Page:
In the first few moments of a lesson, you can hold or lose the class’ attention, depending on how you begin your lesson. Here are some ideas for attention-holding introductions:
- Tell a story or a parable which will introduce the topic
- Ask a really thought-provoking question for the class to think about during the lesson Better still, write it on the board before class begins. At the end of the lesson, ask it again & have the class answer it
- Ask the question the week before the lesson and have the class look for the answer as they prepare for the lesson. Make sure to discuss it in class
- Before class, put something on the board that relates to the lesson, such as a picture, a quote, or a scripture, or display an object, or play a short video or audio-clip. Use it for an introductory discussion
Story-telling is the ultimate weapon. It is the most powerful means of communicating a message. People are moved by emotion, not facts. Stories are persuasive. They influence our attitudes, fears, hopes and values. Entering the world of a story radically alters the way information is processed. The more people are absorbed in a story, the more the story changes them. Stories can have a moulding power.
The purpose of working in groups is to allow everyone in class to participate. Group work also helps the class to cover more material during the lesson. Groups can consist of 3 to 8 people.
- All groups can have the same questions to discuss, and afterwards, each group reports to the class on a different aspect of the question
- Each group is given a different set of questions. Allow sufficient time for the groups to report on their discussion so that all the questions are discussed
- Assign the class, as they prepare for the next lesson, to bring one written question about the study material to class the next week. Collect them at the beginning of the lesson and read them out one at a time, allowing the class to answer each. Encourage using the scriptures when answering questions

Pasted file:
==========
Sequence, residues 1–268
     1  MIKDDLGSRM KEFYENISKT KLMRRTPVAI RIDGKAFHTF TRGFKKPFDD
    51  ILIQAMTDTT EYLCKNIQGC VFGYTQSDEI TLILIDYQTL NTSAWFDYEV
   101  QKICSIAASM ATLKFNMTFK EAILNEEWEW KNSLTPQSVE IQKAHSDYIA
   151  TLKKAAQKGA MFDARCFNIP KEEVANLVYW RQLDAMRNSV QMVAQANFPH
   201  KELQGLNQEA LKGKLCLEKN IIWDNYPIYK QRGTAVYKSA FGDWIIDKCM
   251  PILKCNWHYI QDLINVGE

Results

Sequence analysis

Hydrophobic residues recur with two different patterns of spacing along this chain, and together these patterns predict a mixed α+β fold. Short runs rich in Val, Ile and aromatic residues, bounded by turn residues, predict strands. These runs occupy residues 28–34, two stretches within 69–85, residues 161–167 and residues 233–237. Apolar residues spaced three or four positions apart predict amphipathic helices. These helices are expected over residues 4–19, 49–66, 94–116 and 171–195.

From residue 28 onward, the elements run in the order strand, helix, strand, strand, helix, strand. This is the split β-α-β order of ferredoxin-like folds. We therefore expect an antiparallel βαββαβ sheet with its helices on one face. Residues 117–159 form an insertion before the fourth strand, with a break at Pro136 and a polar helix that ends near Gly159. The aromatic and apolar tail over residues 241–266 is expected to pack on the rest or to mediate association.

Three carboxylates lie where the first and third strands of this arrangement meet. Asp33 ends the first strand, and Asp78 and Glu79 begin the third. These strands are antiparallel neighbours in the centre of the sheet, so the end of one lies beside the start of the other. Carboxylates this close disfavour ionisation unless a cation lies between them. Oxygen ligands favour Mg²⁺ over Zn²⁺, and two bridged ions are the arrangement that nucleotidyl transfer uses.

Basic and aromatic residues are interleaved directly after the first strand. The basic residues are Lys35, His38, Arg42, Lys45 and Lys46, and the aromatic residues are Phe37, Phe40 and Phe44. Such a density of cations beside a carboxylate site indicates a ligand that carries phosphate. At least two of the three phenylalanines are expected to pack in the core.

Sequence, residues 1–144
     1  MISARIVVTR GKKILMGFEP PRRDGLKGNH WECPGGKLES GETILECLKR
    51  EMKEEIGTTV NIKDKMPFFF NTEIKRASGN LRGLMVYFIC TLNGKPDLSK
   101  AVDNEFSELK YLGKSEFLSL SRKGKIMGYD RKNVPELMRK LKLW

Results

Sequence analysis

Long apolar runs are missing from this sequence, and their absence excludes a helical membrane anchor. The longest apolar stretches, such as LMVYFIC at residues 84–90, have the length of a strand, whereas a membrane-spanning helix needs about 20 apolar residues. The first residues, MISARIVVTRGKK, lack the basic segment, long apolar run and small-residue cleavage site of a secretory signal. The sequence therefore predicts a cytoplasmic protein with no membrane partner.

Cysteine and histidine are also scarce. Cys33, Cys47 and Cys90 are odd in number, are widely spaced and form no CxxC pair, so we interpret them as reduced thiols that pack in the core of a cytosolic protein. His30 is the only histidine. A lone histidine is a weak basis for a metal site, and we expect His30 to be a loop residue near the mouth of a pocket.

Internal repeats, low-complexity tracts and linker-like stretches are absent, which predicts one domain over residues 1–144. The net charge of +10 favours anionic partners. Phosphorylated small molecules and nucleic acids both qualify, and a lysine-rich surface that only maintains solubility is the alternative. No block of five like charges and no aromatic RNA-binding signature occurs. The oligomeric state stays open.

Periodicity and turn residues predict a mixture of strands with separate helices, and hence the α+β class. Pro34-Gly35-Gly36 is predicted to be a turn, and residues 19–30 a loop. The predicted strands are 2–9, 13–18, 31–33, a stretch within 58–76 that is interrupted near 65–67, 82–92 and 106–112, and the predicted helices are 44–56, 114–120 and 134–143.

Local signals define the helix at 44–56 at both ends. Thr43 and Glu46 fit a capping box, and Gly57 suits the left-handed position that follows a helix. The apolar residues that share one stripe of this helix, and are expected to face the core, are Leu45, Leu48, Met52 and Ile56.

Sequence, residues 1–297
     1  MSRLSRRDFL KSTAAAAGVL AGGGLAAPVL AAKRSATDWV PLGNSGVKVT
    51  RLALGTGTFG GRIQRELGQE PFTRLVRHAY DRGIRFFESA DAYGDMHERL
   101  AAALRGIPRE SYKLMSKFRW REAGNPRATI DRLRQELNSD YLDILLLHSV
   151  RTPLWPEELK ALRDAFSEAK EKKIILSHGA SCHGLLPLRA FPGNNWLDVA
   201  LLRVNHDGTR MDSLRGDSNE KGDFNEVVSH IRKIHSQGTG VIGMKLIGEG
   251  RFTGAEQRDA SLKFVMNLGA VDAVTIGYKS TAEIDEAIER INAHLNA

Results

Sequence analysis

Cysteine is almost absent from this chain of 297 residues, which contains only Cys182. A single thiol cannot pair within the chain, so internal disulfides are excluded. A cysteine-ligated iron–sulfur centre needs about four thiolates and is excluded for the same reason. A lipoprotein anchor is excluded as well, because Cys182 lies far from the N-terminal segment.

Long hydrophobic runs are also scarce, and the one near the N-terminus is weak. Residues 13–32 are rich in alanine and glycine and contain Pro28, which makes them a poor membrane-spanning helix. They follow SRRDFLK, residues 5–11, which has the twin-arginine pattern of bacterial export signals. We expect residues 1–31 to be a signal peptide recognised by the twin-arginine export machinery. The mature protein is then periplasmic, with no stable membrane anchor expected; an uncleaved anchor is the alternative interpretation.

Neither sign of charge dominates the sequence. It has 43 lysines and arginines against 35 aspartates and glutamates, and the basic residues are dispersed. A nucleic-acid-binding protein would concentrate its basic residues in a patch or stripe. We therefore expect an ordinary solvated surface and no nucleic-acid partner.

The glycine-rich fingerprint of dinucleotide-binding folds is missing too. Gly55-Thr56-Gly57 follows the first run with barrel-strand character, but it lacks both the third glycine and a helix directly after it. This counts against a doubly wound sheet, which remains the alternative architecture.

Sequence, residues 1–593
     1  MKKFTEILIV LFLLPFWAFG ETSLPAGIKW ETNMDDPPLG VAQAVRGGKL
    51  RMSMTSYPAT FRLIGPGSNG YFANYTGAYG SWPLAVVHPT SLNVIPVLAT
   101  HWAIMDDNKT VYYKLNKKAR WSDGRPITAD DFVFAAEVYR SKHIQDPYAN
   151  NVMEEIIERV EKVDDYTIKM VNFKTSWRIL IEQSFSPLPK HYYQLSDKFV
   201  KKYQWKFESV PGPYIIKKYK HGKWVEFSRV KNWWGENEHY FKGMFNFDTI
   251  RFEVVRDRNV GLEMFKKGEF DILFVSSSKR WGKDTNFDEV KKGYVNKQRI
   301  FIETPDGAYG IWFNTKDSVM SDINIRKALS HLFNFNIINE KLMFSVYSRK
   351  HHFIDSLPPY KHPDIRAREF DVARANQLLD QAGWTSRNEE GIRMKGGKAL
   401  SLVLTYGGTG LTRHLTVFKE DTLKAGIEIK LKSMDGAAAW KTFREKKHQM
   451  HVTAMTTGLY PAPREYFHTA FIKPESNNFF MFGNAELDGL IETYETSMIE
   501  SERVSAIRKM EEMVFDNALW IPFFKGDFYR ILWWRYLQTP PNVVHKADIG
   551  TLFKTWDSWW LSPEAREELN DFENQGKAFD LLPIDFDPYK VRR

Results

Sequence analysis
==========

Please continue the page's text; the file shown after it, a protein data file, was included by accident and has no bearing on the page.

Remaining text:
- When assigning the study material for the next lesson, give class members 2 or 3 in-depth questions to think about as they prepare for the class. Invite them to come prepared to share their insights about the material. Be sure to discuss them during the lesson
- The week before a lesson, give each person a worksheet to complete as they study the material for the lesson. Have them bring it to the next lesson and discuss it in class:
1.Write a brief summary of the chapter
2.Which verse did you like best?
4.What life lessons are in this chapter?
5.How do we apply them?
6.What did you learn about Jesus?
- Focus all lessons on Christ
- Always teach from the scriptures. When class members ask questions, direct the class to find the answers in the scriptires
- Teach with a prayer in your heart, asking the Lord to help you teach what your class needs to hear
- Let class members answer questions asked by the class, instead of answering them yourself
- When asking a question, allow the class time to think. Don't be afraid of silence. If no one volunteers an answer, call on someone by name (not the shy person)
- Use questions which don't have a right or wrong answer
- Summarise the important points at the end of the lesson
- Focus lessons on how to live the principles discussed, and end each lesson with an invitation to do something specific about that principle, eg after a lesson on gratitude, invite the class to list 3 things at the end of each day which they are thankful for, every day that week
- Bear testimony of the principles you are teaching